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Jobless Claims Still More Than Expected

Though you won’t hear that from the Associated Press:

First-time jobless claims drop slightly

By Christopher S. Rugaber, AP Economics Writer

March 18, 2010

WASHINGTON – The number of newly laid-off workers requesting jobless benefits fell slightly last week for the third straight time. But initial claims remain above levels that would signal net job gains.

New claims for unemployment insurance fell 5,000 to a seasonally adjusted 457,000, the Labor Department said Thursday. That nearly matched analysts’ estimates of 455,000, according to Thomson Reuters.

The four-week average of jobless claims, which smooths [sic] out volatility, dropped to 471,250. Still, the average has risen by 30,000 since the start of this year. That’s raised concerns among economists that persistent unemployment could weaken the recovery.

The average number of weekly jobless claims remains above the 400,000-to-425,000 level that many economists say it must fall below before widespread new hiring is likely…

The number of people continuing to claim unemployment benefits rose slightly to 4.58 million. That was similar to what economists expected

You will notice that for once there is no mention of this being unexpected in the AP’s report.

Which is weird, since the analysts the AP cites are from Reuters, and yet Reuters says in their lead paragraph that their was less of a decline in the jobless rate than was expected:

New jobless claims dip slightly

WASHINGTON (Reuters) – The number of workers filing new applications for unemployment benefits fell less than expected last week, while consumer prices were unchanged in February on lower energy prices.

The data on Thursday pointed to a gradual improvement in the labor market and generally muted inflation pressures, which should allow the Federal Reserve to honor its commitment to keep its benchmark interest rate ultra low for a while…

Initial claims for state unemployment benefits fell 5,000 to a seasonally adjusted 457,000 in the week ended March 13, the Labor Department said. Analysts had expected claims to slip to 455,000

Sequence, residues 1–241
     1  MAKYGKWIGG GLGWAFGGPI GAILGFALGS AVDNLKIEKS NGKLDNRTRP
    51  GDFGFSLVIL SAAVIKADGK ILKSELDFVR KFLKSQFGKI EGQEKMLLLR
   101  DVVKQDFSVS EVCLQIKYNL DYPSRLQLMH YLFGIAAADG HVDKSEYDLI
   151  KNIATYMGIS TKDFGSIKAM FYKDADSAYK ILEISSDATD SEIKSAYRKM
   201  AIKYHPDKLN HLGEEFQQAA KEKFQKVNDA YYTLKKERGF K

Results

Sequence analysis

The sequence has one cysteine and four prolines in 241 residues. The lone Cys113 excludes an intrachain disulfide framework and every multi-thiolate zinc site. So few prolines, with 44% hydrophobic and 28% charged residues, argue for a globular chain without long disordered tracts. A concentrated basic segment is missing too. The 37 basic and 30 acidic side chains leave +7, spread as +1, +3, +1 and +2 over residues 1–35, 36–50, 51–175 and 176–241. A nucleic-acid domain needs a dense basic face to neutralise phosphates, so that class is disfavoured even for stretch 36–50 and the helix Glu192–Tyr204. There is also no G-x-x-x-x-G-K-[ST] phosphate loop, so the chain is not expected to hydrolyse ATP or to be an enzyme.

It’s getting so we just don’t know who to believe about the economy anymore.

This article was posted by Steve on Thursday, March 18th, 2010. Comments are currently closed.

7 Responses to “Jobless Claims Still More Than Expected”

  1. JohnMG says:

    Let me be the first to say, Wow! This is GREAT news!! Sorry, “Plugs”. I beat ya to it.

    Do these people not realize that any business that remains viable eventually ceases to lay people off, else they no longer have a work-force to perform the work they DO have? Put another way, eventually a company runs out of people to lay off.

    I guess it’s the ‘new math’ I don’t understand.

    • Liberals Demise says:


      Could it be that they are are running out of people to count?
      Always the number count of ‘New Unemployment Claims’ but nothing about people going back to work.

      Good God!!

  2. proreason says:

    At half a million jobs lost a month, it looks like every job will be lost in about 10 years.

    Then the rich people will be forced to take care of all of us.


  3. Right of the People says:

    It’s not “unexpected” anymore because it’s proof that The Won’s plan for tanking our economy is working.

    Pro, I with you. Let the rich take care of me, I’m ready.

  4. Rusty Shackleford says:

    My surprise at this is most unexpected.

  5. MinnesotaRush says:

    C’mon now guys …

    After all, o-blah-blah JUST signed the “Job’s Bill”.

    This slight and unexpected problem should be resolved now by about noon on Tuesday. Dontcha’ think???

    • JohnMG says:

      Now I get it. Obama signed a JOBS bill. That means all of us are now mandated to go out and find a job…… or pay a huge fine. That’s his solution to everything.

      The beatings will continue until morale improves!!

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